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Sheryl Sandberg has become popular for her “lean in” movement which is encouraging a whole new generation of women to not just ask for a seat at the figurative (or literal!) boardroom table, but to take it. A lot of why women hold back and aren’t holding more top leadership and management positions is they feel they are not worth what they are asking for or not adequate.

They certainly approach the workplace differently and perhaps a little too cautiously, but when they do get it seems they are worth their weight in gold. Kevin O’Leary doesn’t even view it as a gender issue, but a business decision, and women just happen to be the wiser investment.

“When I am faced with two opportunities, whether it’s large cap, mid cap or otherwise, and the CEO is a woman, I tend to pick that option first because it’s the path of least resistance. I’m not looking at it from a social or moral point of view; I’m looking at it from a financial return point of view. I just make more money with women, period.”

Women currently only hold about 4.6% of CEO positions at S&P 500 companies, according to Catalyst. Some of these women you may have heard of, many of the brands and companies you do for sure:

Meg Whitman, Hewlett Packard. Ginny Rommetty, IBM. Indra Nooyi, Pepsi. Marissa Mayer, Yahoo. Mary Barra, General Motors. And the great thing is that a lot of these women are becoming more well-known in everyday culture because of additional media exposure and the huge emphasis on getting more women into top leadership positions from women such as Sheryl Sandberg.

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Another trait Kevin is drawn to is that female CEOs on average (at least the ones he has experience with) are less cavalier than men in their approach to business decisions.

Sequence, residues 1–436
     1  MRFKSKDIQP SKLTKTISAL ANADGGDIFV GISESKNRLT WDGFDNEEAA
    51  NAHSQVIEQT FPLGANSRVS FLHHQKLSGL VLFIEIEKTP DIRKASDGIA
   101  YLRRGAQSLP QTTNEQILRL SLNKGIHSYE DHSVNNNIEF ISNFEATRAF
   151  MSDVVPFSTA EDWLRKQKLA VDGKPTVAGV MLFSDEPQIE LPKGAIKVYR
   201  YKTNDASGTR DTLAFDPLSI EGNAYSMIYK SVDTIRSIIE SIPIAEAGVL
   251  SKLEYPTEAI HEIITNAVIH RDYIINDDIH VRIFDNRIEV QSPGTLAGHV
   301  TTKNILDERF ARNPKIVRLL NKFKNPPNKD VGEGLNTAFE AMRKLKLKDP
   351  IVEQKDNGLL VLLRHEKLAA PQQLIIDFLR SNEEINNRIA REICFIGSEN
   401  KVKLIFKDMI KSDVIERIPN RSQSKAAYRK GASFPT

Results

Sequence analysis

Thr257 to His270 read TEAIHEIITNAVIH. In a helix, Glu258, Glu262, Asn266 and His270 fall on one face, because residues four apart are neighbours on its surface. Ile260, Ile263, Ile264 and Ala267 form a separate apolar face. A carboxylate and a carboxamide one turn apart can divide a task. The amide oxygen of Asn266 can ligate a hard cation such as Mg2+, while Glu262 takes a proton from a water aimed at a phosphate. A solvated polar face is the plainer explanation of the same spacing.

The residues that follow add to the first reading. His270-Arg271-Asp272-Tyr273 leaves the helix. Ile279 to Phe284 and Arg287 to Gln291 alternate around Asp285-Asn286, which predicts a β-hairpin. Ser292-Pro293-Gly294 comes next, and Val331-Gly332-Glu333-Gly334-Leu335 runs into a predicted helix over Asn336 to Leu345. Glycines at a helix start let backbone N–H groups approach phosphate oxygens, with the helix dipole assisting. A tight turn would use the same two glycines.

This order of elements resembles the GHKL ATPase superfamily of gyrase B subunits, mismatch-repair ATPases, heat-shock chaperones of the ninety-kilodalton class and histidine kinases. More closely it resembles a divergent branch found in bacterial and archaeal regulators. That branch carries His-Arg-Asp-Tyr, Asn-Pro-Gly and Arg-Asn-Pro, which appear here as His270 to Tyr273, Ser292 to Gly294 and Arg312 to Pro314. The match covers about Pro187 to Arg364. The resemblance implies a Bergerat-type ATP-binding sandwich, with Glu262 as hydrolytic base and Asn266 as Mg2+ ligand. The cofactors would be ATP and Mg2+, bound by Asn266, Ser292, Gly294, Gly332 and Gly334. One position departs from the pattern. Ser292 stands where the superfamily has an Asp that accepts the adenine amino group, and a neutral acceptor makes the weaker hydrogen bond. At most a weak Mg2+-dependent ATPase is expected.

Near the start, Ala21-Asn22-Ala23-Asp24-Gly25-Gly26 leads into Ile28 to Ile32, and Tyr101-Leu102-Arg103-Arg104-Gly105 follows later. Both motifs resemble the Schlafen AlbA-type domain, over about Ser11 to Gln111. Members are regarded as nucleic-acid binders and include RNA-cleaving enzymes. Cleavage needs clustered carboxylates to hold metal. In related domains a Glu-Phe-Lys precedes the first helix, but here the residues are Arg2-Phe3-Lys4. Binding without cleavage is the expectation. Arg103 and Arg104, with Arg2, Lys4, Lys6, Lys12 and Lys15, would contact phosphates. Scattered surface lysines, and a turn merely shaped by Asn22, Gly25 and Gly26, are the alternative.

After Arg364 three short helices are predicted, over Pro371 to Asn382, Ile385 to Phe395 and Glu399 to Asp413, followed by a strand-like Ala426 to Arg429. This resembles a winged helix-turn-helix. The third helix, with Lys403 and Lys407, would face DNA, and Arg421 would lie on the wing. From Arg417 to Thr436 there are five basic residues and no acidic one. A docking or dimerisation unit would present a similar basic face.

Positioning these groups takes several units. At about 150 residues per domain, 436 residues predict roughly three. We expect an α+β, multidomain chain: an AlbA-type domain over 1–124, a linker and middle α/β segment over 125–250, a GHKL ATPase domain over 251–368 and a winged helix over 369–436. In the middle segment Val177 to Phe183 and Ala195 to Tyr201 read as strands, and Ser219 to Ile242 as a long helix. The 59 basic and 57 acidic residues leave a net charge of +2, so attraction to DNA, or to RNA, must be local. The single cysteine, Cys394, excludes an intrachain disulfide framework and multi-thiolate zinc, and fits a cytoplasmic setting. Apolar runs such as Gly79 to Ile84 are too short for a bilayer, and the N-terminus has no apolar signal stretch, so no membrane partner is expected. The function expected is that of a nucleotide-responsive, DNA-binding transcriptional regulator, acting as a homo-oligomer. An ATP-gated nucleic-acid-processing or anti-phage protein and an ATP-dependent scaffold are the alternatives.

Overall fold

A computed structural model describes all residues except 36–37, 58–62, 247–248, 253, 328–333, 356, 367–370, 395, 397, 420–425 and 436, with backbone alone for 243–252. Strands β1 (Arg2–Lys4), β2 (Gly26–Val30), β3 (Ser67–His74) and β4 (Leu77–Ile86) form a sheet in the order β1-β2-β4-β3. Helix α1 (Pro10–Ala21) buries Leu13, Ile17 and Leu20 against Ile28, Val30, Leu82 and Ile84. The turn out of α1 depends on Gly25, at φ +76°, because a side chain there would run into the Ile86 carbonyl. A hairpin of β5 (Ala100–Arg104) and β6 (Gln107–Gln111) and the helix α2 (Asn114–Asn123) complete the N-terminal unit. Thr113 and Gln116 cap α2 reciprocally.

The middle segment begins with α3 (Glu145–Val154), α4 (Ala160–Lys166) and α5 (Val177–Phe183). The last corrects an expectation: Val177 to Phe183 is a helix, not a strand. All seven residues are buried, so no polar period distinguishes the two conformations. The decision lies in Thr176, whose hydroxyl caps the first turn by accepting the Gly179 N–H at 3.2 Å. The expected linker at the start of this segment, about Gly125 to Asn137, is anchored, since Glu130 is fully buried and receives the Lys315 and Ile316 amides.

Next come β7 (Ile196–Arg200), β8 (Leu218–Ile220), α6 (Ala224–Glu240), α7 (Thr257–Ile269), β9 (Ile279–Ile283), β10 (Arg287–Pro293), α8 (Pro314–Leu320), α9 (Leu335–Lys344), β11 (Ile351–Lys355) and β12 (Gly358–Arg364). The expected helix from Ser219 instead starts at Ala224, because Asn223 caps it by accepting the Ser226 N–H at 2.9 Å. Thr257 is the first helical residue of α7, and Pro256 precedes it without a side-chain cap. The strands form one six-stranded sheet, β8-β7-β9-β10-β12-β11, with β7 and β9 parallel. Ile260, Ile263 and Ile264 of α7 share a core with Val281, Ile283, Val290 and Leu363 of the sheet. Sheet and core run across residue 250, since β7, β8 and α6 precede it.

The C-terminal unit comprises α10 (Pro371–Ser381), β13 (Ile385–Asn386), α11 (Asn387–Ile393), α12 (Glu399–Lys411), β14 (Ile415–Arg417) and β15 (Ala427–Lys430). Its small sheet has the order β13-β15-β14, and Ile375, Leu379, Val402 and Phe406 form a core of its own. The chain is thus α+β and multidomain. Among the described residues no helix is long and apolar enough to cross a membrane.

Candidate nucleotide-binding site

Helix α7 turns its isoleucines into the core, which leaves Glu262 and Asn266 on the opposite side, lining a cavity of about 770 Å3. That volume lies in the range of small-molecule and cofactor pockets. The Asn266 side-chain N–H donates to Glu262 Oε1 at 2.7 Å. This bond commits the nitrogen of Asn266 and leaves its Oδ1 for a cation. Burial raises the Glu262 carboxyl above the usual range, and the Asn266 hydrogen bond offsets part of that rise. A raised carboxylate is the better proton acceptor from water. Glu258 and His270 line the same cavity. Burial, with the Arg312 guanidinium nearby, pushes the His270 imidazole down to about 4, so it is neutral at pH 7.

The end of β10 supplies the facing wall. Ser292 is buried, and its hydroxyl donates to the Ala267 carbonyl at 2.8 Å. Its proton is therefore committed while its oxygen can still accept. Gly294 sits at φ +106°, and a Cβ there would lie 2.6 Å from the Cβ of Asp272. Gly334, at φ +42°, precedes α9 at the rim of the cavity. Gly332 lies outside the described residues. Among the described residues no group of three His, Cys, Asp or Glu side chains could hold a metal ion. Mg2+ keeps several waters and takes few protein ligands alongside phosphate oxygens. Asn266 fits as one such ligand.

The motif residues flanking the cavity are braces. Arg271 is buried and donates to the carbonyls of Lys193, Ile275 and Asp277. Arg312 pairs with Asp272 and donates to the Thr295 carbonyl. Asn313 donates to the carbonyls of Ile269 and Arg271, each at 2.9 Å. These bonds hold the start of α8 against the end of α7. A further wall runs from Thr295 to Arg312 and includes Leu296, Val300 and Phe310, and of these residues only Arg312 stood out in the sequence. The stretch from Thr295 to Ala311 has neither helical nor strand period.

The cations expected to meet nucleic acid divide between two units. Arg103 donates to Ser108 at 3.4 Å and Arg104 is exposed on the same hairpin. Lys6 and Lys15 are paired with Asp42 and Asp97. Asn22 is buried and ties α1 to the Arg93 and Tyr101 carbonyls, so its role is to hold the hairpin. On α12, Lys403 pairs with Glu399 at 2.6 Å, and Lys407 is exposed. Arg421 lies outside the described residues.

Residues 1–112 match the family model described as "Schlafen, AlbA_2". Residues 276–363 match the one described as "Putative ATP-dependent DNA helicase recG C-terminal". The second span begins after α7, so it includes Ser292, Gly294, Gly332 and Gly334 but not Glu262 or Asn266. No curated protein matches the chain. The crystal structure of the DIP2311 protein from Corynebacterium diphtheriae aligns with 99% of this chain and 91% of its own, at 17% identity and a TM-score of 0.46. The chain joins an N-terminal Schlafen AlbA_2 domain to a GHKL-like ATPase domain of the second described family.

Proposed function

“I look at it from the operational side. I’m also in financial services and often the women who do analysis and trading have less volatility. So, it’s not just about achieving the highest returns, it’s about achieving a high return with lower volatility and that has a value. It must be that as they make their decisions…they dig harder or… they are less ‘cowboyish.’ I’d rather have a smoother ride. I have very few examples of times where I haven’t gotten my capital returned or made money with managers who are women,” he added.

Writer Carol goes on to cite a Credit Suisse report from September 2014 which examined market trends with women in senior management positions showed that companies with more than one woman their board outperform those with none. They came to this conclusion by looking at 28,000 senior management positions at over 3000 companies worldwide. So it turns out gender diversity is actually more about benefiting stakeholders and companies, rather than just the women themselves.

Just like you can’t argue with science, you also can’t argue with numbers!

Mr. Wonderful believes the majority of board members on different types of companies are still men, but that will change over time. Oh and it companies ignore the gender diversification data, they are making a big mistake.

“It’s a huge mistake. … It’s a huge disadvantage not to bring women into management. Women are the best bets. you should cast your net widely when you are networking. You should be using all of the tools that are available to you.”

Of course, women need to understand that the first step begins with them. Leadership positions are theirs for the taking as more and more data like the aforementioned is indisputable. And if we’re looking at the last few years as a market trend forecast, it seems the inclusion of more women is only going to grow.

So lean in, and know your worth. Step up to the plate ladies, because there are plenty of men who are on your side and want you in that top spot. And if you happen to be in the right place, perhaps you might even end up working for Kevin O’Leary himself because we already know how favorably he looks on female CEOs.

“If I want high returns with low volatility, that equals a woman.”

We have a deal, Mr. Wonderful!

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  1. Pingback: How Defying Stereotypes Has Become A Recipe For Success For Women In Many Industries